Despite the president’s personal unpopularity as measured by polls, Trump’s side possessed—and used—important tactical advantages.
Those advantages start with the institutional powers of the presidency, notably the power to federalize the National Guard and take military control of state voting sites. They include also the asymmetry of the U.S. party system, and especially the fiercer team-mindedness of Trump loyalists and pro-Trump media.
The most persistent and powerful advantage, however, was the overconfidence of the legally minded Biden team that the Trump team would respect some norms and limits on its behavior. That expectation was again and again refuted by experience.
All of this, again, was just a tabletop exercise, specifically designed to test extreme scenarios—not a prediction of how things will play out. Perhaps everything will go smoothly. But as the president suggests postponing the election, it’s important to understand the hazards ahead, and the timelines and decision points that may prove crucial.
The voting period
The days of early voting, Election Day itself, and then the period of vote-counting that will follow offer fruitful possibilities for mischief.
In one of our scenarios, the attorney general sent federal marshals backed by the National Guard to seize vote-by-mail ballots, triggering a constitutional catastrophe that delayed the outcome of the count for weeks.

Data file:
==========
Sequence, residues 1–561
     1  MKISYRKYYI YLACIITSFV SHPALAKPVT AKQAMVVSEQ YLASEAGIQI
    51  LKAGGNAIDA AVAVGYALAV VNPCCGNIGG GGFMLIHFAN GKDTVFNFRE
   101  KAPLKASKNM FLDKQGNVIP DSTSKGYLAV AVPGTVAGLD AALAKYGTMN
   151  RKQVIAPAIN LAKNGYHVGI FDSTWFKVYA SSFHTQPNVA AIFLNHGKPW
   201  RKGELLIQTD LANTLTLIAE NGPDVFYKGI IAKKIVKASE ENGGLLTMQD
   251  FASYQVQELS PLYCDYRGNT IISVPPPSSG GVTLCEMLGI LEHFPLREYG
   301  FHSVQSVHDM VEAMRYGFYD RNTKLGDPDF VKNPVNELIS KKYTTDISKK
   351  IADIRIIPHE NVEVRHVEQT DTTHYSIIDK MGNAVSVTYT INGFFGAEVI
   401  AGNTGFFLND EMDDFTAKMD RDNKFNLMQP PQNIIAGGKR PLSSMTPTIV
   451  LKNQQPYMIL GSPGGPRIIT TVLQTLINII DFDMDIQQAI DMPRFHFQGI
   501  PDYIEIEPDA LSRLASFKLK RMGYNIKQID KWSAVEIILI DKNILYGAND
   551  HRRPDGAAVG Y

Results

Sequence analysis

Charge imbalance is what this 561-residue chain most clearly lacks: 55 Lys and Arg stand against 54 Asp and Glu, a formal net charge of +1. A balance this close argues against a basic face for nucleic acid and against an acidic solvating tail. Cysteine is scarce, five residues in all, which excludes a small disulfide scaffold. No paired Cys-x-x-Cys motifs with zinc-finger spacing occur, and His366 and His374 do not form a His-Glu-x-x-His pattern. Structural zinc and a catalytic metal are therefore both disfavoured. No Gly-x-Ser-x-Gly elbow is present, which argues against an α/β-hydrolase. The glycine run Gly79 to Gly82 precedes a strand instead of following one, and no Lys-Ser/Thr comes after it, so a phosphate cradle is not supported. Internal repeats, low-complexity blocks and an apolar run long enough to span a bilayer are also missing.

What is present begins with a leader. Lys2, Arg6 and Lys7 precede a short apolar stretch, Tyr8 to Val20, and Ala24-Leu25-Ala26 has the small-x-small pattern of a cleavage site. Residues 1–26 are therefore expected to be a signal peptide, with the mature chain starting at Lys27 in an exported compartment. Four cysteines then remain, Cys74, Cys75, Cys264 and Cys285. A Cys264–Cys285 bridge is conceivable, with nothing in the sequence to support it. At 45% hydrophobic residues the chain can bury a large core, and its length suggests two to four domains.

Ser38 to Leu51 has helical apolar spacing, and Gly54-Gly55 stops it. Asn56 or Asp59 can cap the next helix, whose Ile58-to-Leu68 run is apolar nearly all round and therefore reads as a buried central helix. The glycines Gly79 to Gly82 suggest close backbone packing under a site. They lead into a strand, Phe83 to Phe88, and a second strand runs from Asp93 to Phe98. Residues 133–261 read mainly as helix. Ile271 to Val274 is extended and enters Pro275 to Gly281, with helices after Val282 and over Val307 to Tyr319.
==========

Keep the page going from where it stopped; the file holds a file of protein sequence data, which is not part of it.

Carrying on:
Local Republican officeholders have wide scope to burden voting by what they deem undesirable voters, especially ethnic minorities. The Civil Rights Division of the Justice Department has more or less entirely abandoned the field of voting rights. In the Trump era, the division has shifted its effort toward litigating in support of claims of religious discrimination.
In the exercises, when the vote went against Trump, his team tried to convince his supporters that they had been robbed—and that they were therefore entitled to take extreme, even violent, actions. In our exercises, however, the game-winning strategy was to goad the other side into violence. This was particularly true for Team Trump, whose supporters already fear violence from anarchists and antifa.
The meeting of electors in the states
Under current law, all disputes over vote-counting are supposed to be resolved by December 8, 2020. The electors are supposed to convene on December 14 in their state capitals, where they will sign their electoral ballots. The days from December 8 to December 14 offer Team Trump the last clear chance to alter the outcome.
In some of our scenarios, local Republican officeholders sowed enough confusion to justify sending two slates of electors to Washington to be adjudicated. That was a high-risk tactic that did not usually pay off, but could tempt some pro-Trump state governments.
The meeting of electors in Washington, D.C.